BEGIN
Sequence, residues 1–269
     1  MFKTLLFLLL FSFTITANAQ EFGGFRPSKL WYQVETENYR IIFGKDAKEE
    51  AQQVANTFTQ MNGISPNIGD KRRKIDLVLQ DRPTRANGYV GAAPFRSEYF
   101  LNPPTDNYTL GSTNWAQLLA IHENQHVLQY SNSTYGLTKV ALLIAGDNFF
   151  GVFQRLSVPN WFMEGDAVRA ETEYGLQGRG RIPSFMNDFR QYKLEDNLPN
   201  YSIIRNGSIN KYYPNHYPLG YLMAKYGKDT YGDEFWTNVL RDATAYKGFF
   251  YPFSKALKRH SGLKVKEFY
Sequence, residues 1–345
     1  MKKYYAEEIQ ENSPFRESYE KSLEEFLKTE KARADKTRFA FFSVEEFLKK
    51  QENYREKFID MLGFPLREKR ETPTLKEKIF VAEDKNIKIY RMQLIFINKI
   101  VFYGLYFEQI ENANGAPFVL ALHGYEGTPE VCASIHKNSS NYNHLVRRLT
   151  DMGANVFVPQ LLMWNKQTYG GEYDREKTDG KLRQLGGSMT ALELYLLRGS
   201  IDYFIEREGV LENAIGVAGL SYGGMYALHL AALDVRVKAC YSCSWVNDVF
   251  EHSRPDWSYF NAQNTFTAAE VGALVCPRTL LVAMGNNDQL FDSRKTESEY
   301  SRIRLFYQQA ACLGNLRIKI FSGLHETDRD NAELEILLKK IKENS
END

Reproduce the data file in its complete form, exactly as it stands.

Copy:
Sequence, residues 1–269
     1  MFKTLLFLLL FSFTITANAQ EFGGFRPSKL WYQVETENYR IIFGKDAKEE
    51  AQQVANTFTQ MNGISPNIGD KRRKIDLVLQ DRPTRANGYV GAAPFRSEYF
   101  LNPPTDNYTL GSTNWAQLLA IHENQHVLQY SNSTYGLTKV ALLIAGDNFF
   151  GVFQRLSVPN WFMEGDAVRA ETEYGLQGRG RIPSFMNDFR QYKLEDNLPN
   201  YSIIRNGSIN KYYPNHYPLG YLMAKYGKDT YGDEFWTNVL RDATAYKGFF
   251  YPFSKALKRH SGLKVKEFY
Sequence, residues 1–345
     1  MKKYYAEEIQ ENSPFRESYE KSLEEFLKTE KARADKTRFA FFSVEEFLKK
    51  QENYREKFID MLGFPLREKR ETPTLKEKIF VAEDKNIKIY RMQLIFINKI
   101  VFYGLYFEQI ENANGAPFVL ALHGYEGTPE VCASIHKNSS NYNHLVRRLT
   151  DMGANVFVPQ LLMWNKQTYG GEYDREKTDG KLRQLGGSMT ALELYLLRGS
   201  IDYFIEREGV LENAIGVAGL SYGGMYALHL AALDVRVKAC YSCSWVNDVF
   251  EHSRPDWSYF NAQNTFTAAE VGALVCPRTL LVAMGNNDQL FDSRKTESEY
   301  SRIRLFYQQA ACLGNLRIKI FSGLHETDRD NAELEILLKK IKENS